“The construction sector in the UK has faced some hurdles in recent years, but the number of people employed in the industry just took a positive turn.
Research published by IronmongeryDirect and ElectricalDirect has revealed that the construction industry is on track for a rebound over the course of 2022.
The data, compiled using Office for National Statistics (ONS) figures, shows that there was an increase of 21,000 people employed in the sector at the end of 2021. This marks the largest rise since 2009, and is a sign that things are about to pick up across the UK.
The increase brings the total number of people working in construction in the UK to 455,000. This is also a 5% rise since September last year, which is significant, says Dominick Sandiford, managing director at IronmongeryDirect and ElectricalDirect.
Construction in the housing sector
When looking at housebuilding in particular, performance has been a mixed bag, but there are certainly signs of optimism. Overall, the industry proved its resilience over the course of the pandemic, overcoming many supply and staffing issues along the way.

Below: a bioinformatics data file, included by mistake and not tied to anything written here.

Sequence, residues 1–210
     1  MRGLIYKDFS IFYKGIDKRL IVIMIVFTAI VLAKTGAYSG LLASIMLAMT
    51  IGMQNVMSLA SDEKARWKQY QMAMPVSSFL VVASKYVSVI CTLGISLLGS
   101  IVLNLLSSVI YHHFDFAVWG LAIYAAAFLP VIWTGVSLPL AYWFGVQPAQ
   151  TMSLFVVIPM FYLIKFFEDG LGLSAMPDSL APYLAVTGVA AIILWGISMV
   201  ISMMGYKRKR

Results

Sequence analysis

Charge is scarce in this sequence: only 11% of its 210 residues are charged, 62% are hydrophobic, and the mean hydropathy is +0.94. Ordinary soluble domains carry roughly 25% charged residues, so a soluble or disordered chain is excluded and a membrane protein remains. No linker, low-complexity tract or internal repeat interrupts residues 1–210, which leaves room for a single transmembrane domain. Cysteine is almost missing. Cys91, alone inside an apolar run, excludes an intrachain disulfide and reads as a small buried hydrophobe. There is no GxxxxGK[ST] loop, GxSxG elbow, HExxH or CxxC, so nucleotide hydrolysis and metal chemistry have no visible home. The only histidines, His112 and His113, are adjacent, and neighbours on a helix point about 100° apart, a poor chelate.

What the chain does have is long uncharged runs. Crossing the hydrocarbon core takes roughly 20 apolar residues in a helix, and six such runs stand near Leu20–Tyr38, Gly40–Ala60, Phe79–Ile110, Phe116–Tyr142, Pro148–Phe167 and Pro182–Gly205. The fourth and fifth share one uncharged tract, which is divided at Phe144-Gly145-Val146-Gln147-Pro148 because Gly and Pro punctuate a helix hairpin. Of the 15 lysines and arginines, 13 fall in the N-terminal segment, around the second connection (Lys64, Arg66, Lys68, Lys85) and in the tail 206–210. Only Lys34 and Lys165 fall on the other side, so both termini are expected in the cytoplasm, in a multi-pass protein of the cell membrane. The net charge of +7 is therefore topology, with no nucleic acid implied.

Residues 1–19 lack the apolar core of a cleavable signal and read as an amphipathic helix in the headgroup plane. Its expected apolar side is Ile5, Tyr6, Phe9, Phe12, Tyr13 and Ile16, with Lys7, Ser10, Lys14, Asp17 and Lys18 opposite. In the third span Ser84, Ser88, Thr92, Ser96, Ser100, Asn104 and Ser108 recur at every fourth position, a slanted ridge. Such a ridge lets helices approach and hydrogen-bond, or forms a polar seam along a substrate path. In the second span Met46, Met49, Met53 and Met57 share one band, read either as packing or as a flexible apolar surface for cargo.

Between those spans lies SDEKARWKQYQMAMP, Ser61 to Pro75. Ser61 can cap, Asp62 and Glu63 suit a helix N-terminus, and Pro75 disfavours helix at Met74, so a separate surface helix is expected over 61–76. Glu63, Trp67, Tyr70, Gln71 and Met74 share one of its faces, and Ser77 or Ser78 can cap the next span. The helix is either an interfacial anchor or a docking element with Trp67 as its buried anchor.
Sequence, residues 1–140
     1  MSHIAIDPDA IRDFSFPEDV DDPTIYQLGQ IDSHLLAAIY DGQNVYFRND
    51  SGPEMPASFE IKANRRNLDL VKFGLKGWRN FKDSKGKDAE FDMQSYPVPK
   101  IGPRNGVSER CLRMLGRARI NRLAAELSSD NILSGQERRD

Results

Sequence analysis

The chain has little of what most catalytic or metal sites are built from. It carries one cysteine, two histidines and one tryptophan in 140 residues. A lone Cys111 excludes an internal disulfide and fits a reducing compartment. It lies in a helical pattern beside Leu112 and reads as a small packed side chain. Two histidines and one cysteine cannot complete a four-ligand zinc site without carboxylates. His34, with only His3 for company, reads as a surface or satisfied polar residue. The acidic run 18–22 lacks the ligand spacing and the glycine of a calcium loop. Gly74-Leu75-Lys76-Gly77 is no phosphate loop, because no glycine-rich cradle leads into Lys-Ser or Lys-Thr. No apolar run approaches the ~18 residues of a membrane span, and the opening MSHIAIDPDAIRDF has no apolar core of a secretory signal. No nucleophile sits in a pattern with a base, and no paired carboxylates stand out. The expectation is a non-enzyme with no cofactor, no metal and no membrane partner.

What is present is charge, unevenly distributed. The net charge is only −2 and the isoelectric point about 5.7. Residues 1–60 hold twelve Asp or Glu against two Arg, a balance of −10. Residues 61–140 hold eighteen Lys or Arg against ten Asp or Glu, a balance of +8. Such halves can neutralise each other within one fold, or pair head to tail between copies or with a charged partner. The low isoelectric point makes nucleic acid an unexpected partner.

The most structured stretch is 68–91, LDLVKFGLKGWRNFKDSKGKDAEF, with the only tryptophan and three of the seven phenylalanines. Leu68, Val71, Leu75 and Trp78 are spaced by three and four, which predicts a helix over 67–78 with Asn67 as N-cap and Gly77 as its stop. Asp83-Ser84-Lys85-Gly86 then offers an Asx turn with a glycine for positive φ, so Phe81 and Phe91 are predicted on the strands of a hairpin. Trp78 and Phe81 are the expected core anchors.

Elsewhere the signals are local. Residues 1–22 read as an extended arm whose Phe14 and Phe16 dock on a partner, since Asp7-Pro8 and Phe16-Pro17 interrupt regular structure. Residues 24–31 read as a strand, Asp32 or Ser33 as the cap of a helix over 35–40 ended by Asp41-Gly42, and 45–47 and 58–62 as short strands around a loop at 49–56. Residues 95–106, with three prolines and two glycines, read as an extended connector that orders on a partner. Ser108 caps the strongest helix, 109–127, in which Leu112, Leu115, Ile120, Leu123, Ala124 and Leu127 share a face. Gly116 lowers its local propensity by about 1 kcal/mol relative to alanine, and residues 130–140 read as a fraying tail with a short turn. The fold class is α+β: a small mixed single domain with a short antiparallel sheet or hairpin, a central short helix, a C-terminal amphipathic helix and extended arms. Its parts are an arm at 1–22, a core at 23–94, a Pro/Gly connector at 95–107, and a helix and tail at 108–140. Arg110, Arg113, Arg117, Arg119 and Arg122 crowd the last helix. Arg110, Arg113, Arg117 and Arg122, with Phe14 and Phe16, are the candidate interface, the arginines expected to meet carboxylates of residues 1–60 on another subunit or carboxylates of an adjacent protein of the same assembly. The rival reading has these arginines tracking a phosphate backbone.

A report earlier this month from Sirius Property Finance showed that there was an 8% surge annually on new home planning consents, bringing them to 319,000, which was the third highest annual total since 2007. This is likely to have a significantly positive impact on housing construction.
A separate survey by WhatHouse? also showed that almost three quarters (71%) of housebuilders are cautiously optimistic about the year ahead.
The survey also showed that 73% of builders predict material shortages, particularly in bricks and timber, will be key concerns for 2022.”
According to an article by Henry Clarke, construction partner at Spencer West, the conflict in Ukraine has “reinforced competitive pressures in the UK construction market”.
He says: “Up to 43% of the EU’s oil comes from the Russian Federation, along with up to 25% of its oil. The medium to long-term nature of the conflict in Ukraine, and related sanctions means fossil fuel supply and its vulnerability will be an issue for the construction industry for some time.
“High fuel prices may be a stimulus to at least non-OPEC oil and gas production, but perhaps not generate enough additional oil and gas flow from existing non-OPEC sources to reduce prices to pre-invasion levels.”
“This means energy costs in producing construction materials and for direct use in transport and on construction projects may remain high generating an inflationary trend within construction.”